The Porn Talk for Students
Sexting, media addiction, YouTube culture, pornography...schools and parishes are being bombarded with a slew of issues resulting from the internet being readily available on a student's phone.
"Kids now have an x-rated movie theater in their pocket," says Fr Sean Kilcawley, a national speaker on the effects of the pornographic culture. An anonymous 2016 digital survey by a large Catholic High School in the United States found that about 65% of their students are viewing pornography daily or more than once a week and 51% of those students use their phone for access. 89% of the students stated they intentionally viewed pornography for the first time between the ages of 10-15.
The Center has received calls from principles and deans of students around the metro area wondering how to approach this topic. Ranging from fifth graders calling females inappropriate, sexual names, to high schoolers watching pornography daily and females sending 'nudes,' this issue isn't going away anytime soon. The YouTube culture is desensitizing kids to relationship, identity and real love. Now what?
The Center can speak to this effectively, as we have done so at local parishes and schools in the Kansas City Metro area. Yes, our goal is for this behavior to stop, but there is something deeper. Middle schoolers and teenagers are looking for real relationship and connection, which they are not finding on social media. This is a time when they are searching for their identity, which cannot be found on a phone or hours of gaming.
Through our talks, using a balance of humor, science and theology, we will stir the students' minds and hearts to help them question, evaluate and navigate what they are consuming through technology. Here is our approach...
- Brain Science and the damage porn does to health.
- Human dignity, sex trafficking and Theology of the Body.
- Accountability: having real discussions about shame and vulnerability, which strengthen young men and women to come out of isolation and experience the love of God, family and friends.
We hope to serve your students, inspire them and effectively communicate the message that they are made for more than social media relationship and a pornographic sexuality.
Panel Discussion for Parents
Along with serving the students, we also include a panel discussion for parents to educate, address concerns, and open up a discussion on these topics to help them brainstorm ideas to keep their homes safe. With this backend approach to the student talks, we are striving to equip parents to have the necessary conversations and set up their home with a culture of openness and connection. The antidote to kids becoming addicted to porn is a warm home and we will strive to come alongside parents to support them as we've been there ourselves as parents.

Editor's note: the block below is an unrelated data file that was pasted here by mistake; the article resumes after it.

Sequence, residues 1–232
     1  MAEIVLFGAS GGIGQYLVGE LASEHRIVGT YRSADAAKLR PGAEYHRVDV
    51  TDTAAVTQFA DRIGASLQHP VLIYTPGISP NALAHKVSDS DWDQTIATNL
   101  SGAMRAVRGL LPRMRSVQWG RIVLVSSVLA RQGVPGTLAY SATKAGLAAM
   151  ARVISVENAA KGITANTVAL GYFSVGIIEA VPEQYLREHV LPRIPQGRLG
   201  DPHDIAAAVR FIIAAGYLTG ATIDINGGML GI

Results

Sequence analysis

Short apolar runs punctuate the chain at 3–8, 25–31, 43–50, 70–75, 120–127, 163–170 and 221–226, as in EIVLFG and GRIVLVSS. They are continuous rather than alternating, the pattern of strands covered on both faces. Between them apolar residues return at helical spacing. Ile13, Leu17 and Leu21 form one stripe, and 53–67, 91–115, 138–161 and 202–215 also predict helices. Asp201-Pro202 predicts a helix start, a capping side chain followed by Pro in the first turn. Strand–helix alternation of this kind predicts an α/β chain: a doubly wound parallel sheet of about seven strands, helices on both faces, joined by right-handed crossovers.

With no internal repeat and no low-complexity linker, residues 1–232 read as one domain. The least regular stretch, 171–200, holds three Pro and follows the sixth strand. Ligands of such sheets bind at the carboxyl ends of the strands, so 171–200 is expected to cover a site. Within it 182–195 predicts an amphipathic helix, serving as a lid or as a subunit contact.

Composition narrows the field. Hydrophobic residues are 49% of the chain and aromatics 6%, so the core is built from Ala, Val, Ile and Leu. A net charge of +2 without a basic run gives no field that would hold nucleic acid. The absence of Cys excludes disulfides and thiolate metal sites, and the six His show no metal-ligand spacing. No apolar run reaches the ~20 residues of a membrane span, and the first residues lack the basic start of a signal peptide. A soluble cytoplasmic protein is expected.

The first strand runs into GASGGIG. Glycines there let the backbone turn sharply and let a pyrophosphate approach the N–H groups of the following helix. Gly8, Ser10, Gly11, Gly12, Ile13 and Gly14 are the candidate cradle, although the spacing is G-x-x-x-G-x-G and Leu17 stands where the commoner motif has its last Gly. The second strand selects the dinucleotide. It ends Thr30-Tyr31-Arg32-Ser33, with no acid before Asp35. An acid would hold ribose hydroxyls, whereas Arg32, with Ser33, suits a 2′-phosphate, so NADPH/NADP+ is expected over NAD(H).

Mental Health Topics
The Center is also available for talks regarding mental health issues, such as self-harm, addiction, depression, anxiety, etc. If your school or parish wants more information on these topics, such as prevalence, neuroscience and practical tools, get in touch with us to set up a date... we're here to support you.
I learned that we need to protect everyone especially girls. The internet and many other things put lies into our heads, but we need to counter those. We need to stand up for what is right and look out for one another."
I learned that YouTube is one pathway to sin. I learned that pornography is a very addictive source. I learned about different chemicals that go off in your head."
We learned about how our bodies would change and that we were getting ready to go into puberty. We learned that we shouldn't listen to the devil and watch porn. We learned not to hate ourselves if we did watch porn and were hiding it."
I learned that we should not use others and that pornography is not good for your brain and heart. I also learned that we should be adventurous not stitched to our phones."
I learned that we should treat girls like humans and not just objects. Also that if we see a bad picture that we can tell our parents that we saw that. Finally, that we should not make fun of anyone that is going through puberty because you will go through it too."